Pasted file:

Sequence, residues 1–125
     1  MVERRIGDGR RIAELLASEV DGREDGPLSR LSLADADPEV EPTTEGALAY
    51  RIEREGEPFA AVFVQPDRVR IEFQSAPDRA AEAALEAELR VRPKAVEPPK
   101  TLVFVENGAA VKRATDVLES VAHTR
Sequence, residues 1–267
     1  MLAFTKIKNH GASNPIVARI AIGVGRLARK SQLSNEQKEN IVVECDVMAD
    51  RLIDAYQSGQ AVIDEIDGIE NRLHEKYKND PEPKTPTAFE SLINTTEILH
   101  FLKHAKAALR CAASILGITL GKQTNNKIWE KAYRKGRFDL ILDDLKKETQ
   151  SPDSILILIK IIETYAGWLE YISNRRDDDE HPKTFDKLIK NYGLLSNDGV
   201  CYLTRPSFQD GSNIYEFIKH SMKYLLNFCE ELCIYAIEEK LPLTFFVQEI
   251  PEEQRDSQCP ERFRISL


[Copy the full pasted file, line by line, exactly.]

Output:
Sequence, residues 1–125
     1  MVERRIGDGR RIAELLASEV DGREDGPLSR LSLADADPEV EPTTEGALAY
    51  RIEREGEPFA AVFVQPDRVR IEFQSAPDRA AEAALEAELR VRPKAVEPPK
   101  TLVFVENGAA VKRATDVLES VAHTR
Sequence, residues 1–267
     1  MLAFTKIKNH GASNPIVARI AIGVGRLARK SQLSNEQKEN IVVECDVMAD
    51  RLIDAYQSGQ AVIDEIDGIE NRLHEKYKND PEPKTPTAFE SLINTTEILH
   101  FLKHAKAALR CAASILGITL GKQTNNKIWE KAYRKGRFDL ILDDLKKETQ
   151  SPDSILILIK IIETYAGWLE YISNRRDDDE HPKTFDKLIK NYGLLSNDGV
   201  CYLTRPSFQD GSNIYEFIKH SMKYLLNFCE ELCIYAIEEK LPLTFFVQEI
   251  PEEQRDSQCP ERFRISL